13 things you should know about Orlando history 

Dr. Phillips wasn’t really a doctor, theme parks that didn’t make it and more

click to enlarge Orange Avenue in Downtown Orlando in the 1930s - PHOTOS COURTESY JIM CLARK
  • Photos courtesy Jim Clark
  • Orange Avenue in Downtown Orlando in the 1930s

1. Orlando’s naming story is bullshit: The story goes that Orlando derives its name from a soldier named Orlando Reeves, a man who heroically gave his life in 1835 in a battle with Indians on the banks of Lake Eola. Afterward, his comrades buried him under a pine tree and carved his name in it. Over the next century, Reeves’ legend grew with the retelling. Two problems: There was no soldier named Orlando Reeves or a battle on Lake Eola. A more likely story is that the owner of a sugar plantation some 30 miles away, Orlando Rees, carved his name in a pine tree while traveling through downtown. A few years later, in 1835, he abandoned Florida after Indians burned down his house. In time this all converged into the Orlando Reeves myth.

2. Orlando’s first permanent settler was probably a murderer: His name was Andrew Jernigan, and he arrived with his family, slaves and cattle in what is now Orlando in 1842, after most of the Indians had been driven out following the Second Seminole War. He later became a state representative. But in 1859, he became a murder suspect following a deadly brawl. He escaped from jail twice and fled to Texas, returning 25 years later “in ill health and forgotten.”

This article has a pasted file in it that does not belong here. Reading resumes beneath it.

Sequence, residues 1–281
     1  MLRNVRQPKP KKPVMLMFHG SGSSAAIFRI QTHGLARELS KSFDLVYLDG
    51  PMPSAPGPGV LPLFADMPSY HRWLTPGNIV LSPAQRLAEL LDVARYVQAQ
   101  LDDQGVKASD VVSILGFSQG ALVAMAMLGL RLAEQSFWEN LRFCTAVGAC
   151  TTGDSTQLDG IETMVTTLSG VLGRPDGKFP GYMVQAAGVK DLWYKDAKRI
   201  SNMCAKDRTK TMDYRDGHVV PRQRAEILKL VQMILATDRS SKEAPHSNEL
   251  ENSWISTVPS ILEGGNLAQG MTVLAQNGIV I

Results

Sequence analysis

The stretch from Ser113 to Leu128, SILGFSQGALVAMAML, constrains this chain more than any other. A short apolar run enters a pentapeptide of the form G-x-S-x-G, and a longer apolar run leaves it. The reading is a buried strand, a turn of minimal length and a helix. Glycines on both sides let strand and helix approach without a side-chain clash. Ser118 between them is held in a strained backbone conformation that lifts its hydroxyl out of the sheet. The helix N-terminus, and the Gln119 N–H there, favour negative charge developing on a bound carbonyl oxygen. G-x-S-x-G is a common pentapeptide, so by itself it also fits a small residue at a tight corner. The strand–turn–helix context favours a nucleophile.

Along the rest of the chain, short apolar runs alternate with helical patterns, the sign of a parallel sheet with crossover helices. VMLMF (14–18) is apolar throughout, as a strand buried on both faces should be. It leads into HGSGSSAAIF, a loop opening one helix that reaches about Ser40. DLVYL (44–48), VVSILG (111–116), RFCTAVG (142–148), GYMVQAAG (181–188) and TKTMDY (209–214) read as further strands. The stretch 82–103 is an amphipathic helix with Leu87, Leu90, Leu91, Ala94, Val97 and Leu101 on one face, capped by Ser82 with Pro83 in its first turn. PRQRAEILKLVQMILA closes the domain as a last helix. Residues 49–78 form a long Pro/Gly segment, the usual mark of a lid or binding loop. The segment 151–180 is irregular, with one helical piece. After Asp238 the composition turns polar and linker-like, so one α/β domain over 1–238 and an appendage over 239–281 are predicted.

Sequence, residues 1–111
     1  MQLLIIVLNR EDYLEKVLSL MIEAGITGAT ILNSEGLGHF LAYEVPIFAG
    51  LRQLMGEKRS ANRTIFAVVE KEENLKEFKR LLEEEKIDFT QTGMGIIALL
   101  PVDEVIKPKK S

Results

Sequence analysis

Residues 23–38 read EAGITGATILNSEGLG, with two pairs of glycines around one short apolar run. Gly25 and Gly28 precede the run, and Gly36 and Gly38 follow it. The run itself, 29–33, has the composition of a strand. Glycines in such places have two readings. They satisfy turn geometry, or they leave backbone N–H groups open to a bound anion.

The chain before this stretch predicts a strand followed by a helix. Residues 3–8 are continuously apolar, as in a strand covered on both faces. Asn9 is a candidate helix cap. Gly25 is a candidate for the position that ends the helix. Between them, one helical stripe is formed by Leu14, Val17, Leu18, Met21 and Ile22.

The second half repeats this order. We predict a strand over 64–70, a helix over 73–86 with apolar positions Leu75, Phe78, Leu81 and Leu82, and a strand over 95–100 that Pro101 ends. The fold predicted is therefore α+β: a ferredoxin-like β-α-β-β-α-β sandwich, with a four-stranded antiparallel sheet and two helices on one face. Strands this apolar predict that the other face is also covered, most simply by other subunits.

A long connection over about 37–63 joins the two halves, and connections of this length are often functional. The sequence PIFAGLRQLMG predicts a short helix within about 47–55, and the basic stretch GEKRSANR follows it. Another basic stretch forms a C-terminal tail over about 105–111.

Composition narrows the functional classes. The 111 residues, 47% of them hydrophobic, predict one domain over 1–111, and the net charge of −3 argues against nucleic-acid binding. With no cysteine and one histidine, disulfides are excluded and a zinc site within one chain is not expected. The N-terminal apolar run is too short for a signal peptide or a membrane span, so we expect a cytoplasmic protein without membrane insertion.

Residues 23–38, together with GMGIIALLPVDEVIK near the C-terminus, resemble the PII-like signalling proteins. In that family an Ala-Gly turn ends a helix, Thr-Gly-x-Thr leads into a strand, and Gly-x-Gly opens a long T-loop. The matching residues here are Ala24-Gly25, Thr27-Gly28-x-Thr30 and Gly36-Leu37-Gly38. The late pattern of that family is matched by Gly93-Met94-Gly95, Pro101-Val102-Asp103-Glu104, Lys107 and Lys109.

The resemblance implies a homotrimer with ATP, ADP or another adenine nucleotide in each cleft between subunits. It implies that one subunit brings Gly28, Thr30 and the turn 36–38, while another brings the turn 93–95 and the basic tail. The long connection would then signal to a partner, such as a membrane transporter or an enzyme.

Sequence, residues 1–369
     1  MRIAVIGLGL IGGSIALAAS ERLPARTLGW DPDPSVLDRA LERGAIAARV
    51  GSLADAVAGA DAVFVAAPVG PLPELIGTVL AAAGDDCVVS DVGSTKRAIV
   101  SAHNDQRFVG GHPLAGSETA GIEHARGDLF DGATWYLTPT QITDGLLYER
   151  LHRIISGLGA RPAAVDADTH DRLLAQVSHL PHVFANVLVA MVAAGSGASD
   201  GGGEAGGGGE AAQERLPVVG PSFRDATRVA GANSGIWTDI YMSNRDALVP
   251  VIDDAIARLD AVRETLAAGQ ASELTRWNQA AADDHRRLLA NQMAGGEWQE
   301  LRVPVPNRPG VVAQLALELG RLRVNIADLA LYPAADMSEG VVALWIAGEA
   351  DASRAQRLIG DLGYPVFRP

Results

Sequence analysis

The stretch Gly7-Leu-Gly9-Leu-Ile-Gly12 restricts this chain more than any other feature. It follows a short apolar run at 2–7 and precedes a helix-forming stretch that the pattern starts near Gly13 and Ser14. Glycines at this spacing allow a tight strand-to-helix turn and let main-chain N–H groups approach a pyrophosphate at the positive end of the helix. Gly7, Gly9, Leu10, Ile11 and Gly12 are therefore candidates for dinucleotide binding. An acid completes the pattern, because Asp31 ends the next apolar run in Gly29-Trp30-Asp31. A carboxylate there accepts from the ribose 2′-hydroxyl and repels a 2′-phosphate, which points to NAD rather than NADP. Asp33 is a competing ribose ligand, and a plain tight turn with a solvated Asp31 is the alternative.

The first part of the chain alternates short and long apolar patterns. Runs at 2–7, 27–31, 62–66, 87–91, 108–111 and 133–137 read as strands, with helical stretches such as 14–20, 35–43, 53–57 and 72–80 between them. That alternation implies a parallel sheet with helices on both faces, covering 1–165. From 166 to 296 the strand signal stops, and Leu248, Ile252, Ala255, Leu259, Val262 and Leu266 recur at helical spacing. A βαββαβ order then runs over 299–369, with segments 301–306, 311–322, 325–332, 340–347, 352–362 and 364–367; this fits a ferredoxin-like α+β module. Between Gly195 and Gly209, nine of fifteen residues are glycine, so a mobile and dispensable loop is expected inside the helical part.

3. Orlando used to be in Mosquito County: In 1824, soon after Florida became a U.S. territory, most of Central Florida belonged to the aptly named Mosquito County, whose seat was the long-forgotten port town of Enterprise. In 1845, when Florida became a state, Mosquito was broken up into several counties, including Orange. Half a century later, promoters sold land here with the promise of “No Insects.”

4. Orlando cheated to become the Orange County seat: In 1856, there was an election to choose Orange County’s seat. Apopka was the favorite, due to its proximity to navigable waters. Judge James Speer, an early resident of Orlando, had other plans. Because militia members could vote wherever they were on Election Day, he held a free picnic for a slew of militiamen from Sumter County and asked them to vote for nearby Fort Gatlin. Because an Alabama businessman – who happened to own much of what is now downtown – offered to donate land for a courthouse, the seat was moved from Fort Gatlin to Orlando.

5. How Boggy Creek got its name: In 1870 – a time when Orange County was beset by general lawlessness, not unlike the Wild West – Sheriff David Mizell was ambushed and murdered. A posse hunted down the suspect, Mose Barber, and his sons. The Barbers fled; according to local lore, his horse became bogged down while crossing a creek – hence the name Boggy Creek. Mose Barber escaped, but his sons were killed. The Barber-Mizell feud continued into the 20th century, until Barber’s great-great grandson married a Mizell.
6. Orlando was “The Phenomenal City” before “The City Beautiful”: Orlando’s original motto was “The Phenomenal City.” Around 1900, the city held a contest to change it, and “The City Beautiful” beat out “The Magic City,” “The Queen City” and “The Picturesque City.” In the 1960s, during the space race, Orlando tried to again change its motto to the “Action Center of Florida,” but that never caught on.